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Guest Blogger: LSU Law Professor John Baker on Congress’ Reading Problem

Posted By John Baker On December 18, 2009 @ 10:58 am In First Principles | Comments Disabled

Just the other day, Senator Richard Durbin (D-IL) objected to Senator Tom Coburn’s (R-OK) move to force the reading of Bernie Sander’s (I–VT) 767-page amendment (thankfully defeated) to create a single-payer, Medicare-for-all health care system. Republicans plan to force a reading of the final (as yet un-released) Reid health care legislation currently being debated in the Senate, a move Democrats will assuredly try to block.

When ordinary Americans sign their tax forms and thereby fund the federal government, they declare under penalties of perjury that they have read the document. Shouldn’t members of Congress at least have to read the bills they vote for to spend our money? On November 20, the Senate had a vote on cloture – the definitive vote on the health care bill– only 3 days after the bill was unveiled. Senators could not possibly have read the bill. Once again the Senate is preparing to vote on a new version of the bill the contents of which are being with-held from many, if not most, senators. In all likelihood, senators will soon be asked once again to vote on a bill that they will not have time to read. The process has shocked many Americans. Shocked Americans, however, are simply seeing the routine practice of Congress: voting, without reading. Frustrated, what can ordinary Americans do? States could define the crime of malfeasance in office to include the failure of a legislator – federal or state – to vote for legislation without reading it.

Members of both houses are obligated by oath to support the Constitution and to “well and faithfully discharge the duties of the office.” To comply with their oaths, all members of Congress should read at least those bills on which they vote favorably—those that change the status quo. The Senate, in particular, cannot fulfill its constitutional purpose of blocking or improving bad legislation through deliberation and debate, if its members do not read legislation. As the Constitution’s framers understood it would, the House often passes legislation without much reflection. The House, with all members elected every two years, cannot be expected to take a long-term view of national policy. The Senate, on the other hand, is designed for deliberation and debate without which wise, long-term policy is most unlikely.

Simply getting members of Congress to read bills would accomplish a great deal. To begin with, bills would have to be shorter and fewer. Congress simply could not enact all the legislation it does if members actually read the bills. Not only would reading slow down the process, but it would strengthen the hand of the President. Congress likes large legislative acts because its members can hide so many provisions therein and make it very difficult for the President to exercise his constitutional responsibility to veto bad legislation. Such a simple reform would reinvigorate separation of powers and give some protection to federalism.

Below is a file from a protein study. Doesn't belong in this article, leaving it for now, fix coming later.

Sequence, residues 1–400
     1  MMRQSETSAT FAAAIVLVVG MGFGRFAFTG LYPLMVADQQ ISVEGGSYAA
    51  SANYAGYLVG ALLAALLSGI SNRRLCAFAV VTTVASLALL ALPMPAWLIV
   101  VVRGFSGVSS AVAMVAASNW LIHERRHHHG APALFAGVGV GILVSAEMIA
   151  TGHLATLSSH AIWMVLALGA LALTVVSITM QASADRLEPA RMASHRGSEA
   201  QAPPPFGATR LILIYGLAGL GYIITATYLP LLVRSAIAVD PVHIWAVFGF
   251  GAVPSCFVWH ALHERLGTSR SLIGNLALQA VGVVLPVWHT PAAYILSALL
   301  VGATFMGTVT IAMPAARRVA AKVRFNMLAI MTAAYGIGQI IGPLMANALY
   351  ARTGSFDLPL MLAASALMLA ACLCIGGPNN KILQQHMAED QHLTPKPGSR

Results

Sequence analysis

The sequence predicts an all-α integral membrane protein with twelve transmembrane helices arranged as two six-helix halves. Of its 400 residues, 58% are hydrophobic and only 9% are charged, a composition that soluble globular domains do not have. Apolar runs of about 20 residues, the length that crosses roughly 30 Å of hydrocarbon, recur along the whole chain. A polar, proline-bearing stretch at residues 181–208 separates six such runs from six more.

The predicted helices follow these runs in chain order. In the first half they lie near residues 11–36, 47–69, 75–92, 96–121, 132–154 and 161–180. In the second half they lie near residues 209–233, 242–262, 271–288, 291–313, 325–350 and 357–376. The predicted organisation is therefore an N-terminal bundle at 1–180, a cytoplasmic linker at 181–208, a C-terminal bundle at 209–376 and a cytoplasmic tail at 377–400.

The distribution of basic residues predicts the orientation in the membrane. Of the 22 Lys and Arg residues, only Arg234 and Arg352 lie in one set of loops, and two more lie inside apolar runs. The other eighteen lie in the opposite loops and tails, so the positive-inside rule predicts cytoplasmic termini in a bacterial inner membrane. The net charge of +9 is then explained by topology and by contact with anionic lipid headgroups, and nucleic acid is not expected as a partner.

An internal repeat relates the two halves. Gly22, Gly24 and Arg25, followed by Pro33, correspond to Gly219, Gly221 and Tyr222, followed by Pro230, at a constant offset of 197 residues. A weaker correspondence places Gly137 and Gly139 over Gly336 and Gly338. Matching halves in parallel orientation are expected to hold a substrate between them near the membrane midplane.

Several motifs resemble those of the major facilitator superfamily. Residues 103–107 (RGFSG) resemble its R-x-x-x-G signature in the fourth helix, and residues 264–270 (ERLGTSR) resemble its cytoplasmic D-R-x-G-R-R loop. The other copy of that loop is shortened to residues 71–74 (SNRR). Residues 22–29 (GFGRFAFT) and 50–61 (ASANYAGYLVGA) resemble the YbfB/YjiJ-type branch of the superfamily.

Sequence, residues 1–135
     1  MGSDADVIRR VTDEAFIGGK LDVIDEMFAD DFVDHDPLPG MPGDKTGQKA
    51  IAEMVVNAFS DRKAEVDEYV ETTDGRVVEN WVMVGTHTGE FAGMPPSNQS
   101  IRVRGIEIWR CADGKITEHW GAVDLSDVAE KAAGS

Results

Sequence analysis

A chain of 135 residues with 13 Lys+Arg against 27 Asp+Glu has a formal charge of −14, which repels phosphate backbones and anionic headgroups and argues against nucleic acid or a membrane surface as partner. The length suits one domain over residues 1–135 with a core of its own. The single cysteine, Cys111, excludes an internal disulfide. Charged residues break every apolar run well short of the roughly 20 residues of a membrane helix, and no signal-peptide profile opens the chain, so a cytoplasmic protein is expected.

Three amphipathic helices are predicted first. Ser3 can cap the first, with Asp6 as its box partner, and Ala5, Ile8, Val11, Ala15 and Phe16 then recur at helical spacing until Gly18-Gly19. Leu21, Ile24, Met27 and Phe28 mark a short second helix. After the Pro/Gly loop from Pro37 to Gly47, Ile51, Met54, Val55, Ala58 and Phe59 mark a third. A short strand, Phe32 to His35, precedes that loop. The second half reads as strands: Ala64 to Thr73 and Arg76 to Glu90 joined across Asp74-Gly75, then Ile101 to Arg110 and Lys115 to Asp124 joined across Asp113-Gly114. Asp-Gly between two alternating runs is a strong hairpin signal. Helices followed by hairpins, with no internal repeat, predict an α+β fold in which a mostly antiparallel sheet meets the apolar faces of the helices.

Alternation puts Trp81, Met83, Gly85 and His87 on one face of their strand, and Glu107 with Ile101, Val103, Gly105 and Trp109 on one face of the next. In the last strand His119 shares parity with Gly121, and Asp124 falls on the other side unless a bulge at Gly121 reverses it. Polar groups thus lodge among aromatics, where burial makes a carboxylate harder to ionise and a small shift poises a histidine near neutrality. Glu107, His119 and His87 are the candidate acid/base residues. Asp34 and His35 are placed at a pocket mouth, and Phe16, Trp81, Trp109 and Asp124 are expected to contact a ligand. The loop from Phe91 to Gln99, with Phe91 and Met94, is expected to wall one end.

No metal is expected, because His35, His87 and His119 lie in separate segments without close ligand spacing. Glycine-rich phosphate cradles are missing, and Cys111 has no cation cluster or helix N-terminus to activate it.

Changing congressional behavior requires a powerful incentive or disincentive. The 17th Amendment, for example, eliminated the main incentive for senators being solicitous of their state legislatures. Elected officials respond to those who control their re-election. State legislatures no longer elect senators. Senators respond instead to national interests that supply funding for state-wide popular election campaigns. That change disrupted the constitutional equilibrium in which the state and federal governments checked each other. Getting members of Congress to read legislation should be tied to restoring some leverage to states against the federal government.

Without needing a constitutional amendment, states could define the crime of malfeasance in office to include voting for legislation without reading it. The Constitution’s “speech and debate clause” protects members of Congress by providing that “for any speech or debate in either house, they shall not be questioned in any other place.” Neither the original meaning nor intent of that language protects the very antithesis of representative self-government, namely voting for a bill without reading it. Members of Congress are not immune from criminal indictment, but only “privileged from arrest”—except in cases of treason, felony, and breach of the peace — during and going to and from sessions of their respective houses.

It will be objected that criminalizing voting without reading legislation would put too much power in the hands of local, political prosecutors. This proposal, however, leaves much to the states. A state might, for example, limit the power by confining it to one statewide official, drawing from a statewide pool of jurors, and providing other protections. Being “political,” however, is precisely the proposal’s purpose. Members of Congress should be subject to state governmental pressures, as senators once were. For present purposes, it suffices to suggest that states can react in a responsible way to the popular frustration with the systemic irresponsibility of an oligarchic Congress. Unlike term limits, the threat of state criminal malfeasance prosecutions accords with the framers view that liberty requires that state power directly check federal power.

John S. Baker, Jr. Ph.D., is the Dale E. Bennett Professor of Law at Louisiana State University. His views do not necessarily reflect the views of the Heritage Foundation.


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